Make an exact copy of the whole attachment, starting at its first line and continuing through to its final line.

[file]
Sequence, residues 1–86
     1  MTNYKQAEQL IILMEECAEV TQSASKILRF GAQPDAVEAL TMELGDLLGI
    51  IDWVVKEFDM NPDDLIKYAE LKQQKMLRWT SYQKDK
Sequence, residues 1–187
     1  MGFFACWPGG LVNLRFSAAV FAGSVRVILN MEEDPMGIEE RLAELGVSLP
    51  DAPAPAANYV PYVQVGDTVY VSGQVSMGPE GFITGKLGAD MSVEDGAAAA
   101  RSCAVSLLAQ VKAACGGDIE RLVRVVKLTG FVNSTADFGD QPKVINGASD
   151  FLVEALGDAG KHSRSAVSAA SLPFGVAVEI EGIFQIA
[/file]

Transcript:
Sequence, residues 1–86
     1  MTNYKQAEQL IILMEECAEV TQSASKILRF GAQPDAVEAL TMELGDLLGI
    51  IDWVVKEFDM NPDDLIKYAE LKQQKMLRWT SYQKDK
Sequence, residues 1–187
     1  MGFFACWPGG LVNLRFSAAV FAGSVRVILN MEEDPMGIEE RLAELGVSLP
    51  DAPAPAANYV PYVQVGDTVY VSGQVSMGPE GFITGKLGAD MSVEDGAAAA
   101  RSCAVSLLAQ VKAACGGDIE RLVRVVKLTG FVNSTADFGD QPKVINGASD
   151  FLVEALGDAG KHSRSAVSAA SLPFGVAVEI EGIFQIA